Information modelling as a catalyst for change

George Mokhtar



The mining industry is now ready for BIM - and companies must prepare to rethink old ways of working.

The recent adoption of Building Information Modelling (BIM) by the infrastructure and real estate construction sectors is reducing capex and lowering operating costs. It also has the potential to transform value in the mining sector. 

Benefits for the mining sector

1. The design options can be tested more thoroughly at the early stages to create a more efficient design in a more efficient manner. The time saved here can be used elsewhere e.g. to improve the design strategy, and the ultimate value delivered can demonstrated with more certainty. Taking a more integrated approach to project delivery, and increasing the number of decisions earlier on can also improve progress through the feasibility stage to mitigate changes later in the process.

2. By using rule based model checking, the confidence in the information that underpins the client decision making processes increases. Model checks is a process of analysing model data to measure compliance with client or project standards. It has been used primarily for quality assurance to ensure the quantities from models are sound. Checks are now also being used heavily to assess compliance with design standards, buildability, access, and health and safety. This is now a reality for the most complex of BIM projects, and because of the increase in usable information and continued usability of this information, the risk of design-related issues has been reduced.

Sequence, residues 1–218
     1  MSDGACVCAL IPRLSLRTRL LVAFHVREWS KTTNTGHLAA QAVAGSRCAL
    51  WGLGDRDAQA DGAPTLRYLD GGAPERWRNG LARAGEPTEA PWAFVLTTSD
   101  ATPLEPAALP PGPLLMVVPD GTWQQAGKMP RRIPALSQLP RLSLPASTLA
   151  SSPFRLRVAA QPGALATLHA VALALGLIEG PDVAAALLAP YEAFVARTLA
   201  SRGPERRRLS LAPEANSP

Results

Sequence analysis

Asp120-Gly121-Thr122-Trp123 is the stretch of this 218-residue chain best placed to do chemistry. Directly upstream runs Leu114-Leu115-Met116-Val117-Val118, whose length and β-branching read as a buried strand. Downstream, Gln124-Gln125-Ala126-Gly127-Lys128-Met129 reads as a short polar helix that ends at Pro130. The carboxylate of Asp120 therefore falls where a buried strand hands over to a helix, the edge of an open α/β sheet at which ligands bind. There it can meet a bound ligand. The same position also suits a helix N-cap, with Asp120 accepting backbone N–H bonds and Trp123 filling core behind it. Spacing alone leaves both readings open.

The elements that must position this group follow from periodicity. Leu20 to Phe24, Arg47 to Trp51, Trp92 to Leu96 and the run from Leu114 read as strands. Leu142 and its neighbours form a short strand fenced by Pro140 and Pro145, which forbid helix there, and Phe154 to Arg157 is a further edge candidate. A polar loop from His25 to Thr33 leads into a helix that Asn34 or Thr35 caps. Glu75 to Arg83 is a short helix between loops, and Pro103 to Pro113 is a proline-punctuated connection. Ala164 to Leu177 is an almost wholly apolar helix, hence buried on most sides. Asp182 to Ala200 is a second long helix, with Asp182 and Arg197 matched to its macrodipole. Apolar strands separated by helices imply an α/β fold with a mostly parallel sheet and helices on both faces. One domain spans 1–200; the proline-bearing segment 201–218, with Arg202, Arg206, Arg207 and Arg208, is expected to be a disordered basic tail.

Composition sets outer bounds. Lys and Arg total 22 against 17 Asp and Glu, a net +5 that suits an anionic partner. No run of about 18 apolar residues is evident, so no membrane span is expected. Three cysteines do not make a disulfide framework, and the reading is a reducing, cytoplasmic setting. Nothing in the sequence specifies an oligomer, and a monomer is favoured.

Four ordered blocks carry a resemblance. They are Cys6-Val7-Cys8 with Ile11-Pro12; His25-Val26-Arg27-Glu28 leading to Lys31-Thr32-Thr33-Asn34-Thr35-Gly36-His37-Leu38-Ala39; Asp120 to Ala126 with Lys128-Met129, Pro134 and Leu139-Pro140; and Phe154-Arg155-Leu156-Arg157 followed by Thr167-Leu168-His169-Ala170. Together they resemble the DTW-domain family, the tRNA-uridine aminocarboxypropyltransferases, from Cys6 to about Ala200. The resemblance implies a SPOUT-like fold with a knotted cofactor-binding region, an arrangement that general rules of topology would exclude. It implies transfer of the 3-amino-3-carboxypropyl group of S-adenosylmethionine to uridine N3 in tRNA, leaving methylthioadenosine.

3. BIM-derived information can now be accessed and verified faster. In problem-solving or progress meetings as well as workshops, this information is now readily accessible in order to report on status against the agreed goals, identify discrepancies and mediate to a satisfactory resolution.

4. Intelligent portfolio management and client insight is now achievable. Approaching the operational phase of a development project, the move from subjective decision-making - which relies on user feedback and fragmentary data from disparate and unconnected asset management systems - towards objective decision-making takes place through the application of BIM. Building management systems are linked with other forms of data capture to create a more accurate, holistic picture of how the asset is performing and where the investment needs to go.

5. Model validation also represents a big change in the way we can work. Consistent, rich and accurate data is our greatest weapon for dealing with uncertainty. Asset knowledge and the ability to closely track how the operational team will be using the asset is essential for continued optimisation - whatever economic, social or environmental challenge is to be met.

Taking the next step

To support the client transition into a BIM environment we have seen the emergence of new roles. The Information Manager, a newly defined role, is responsible for the strategy, validity and direction of the production of asset information. Best practice dictates that this needs to be an organisational function with an understanding of the whole lifecycle. Adopting consistent and coherent client standards is key to driving this innovation.

The first step is to make the decision and commitment to adopt BIM. With that in mind, the opportunity currently presenting itself within the mining sector is to get ready for a future where BIM will play a bigger role in project delivery. Those mining organisations that spend time now rethinking business processes, considering technology innovations like BIM, and understanding the cultural change within the organisation in order to drive adoption, will be best placed to gain a competitive advantage in the long-term.

Mining and metals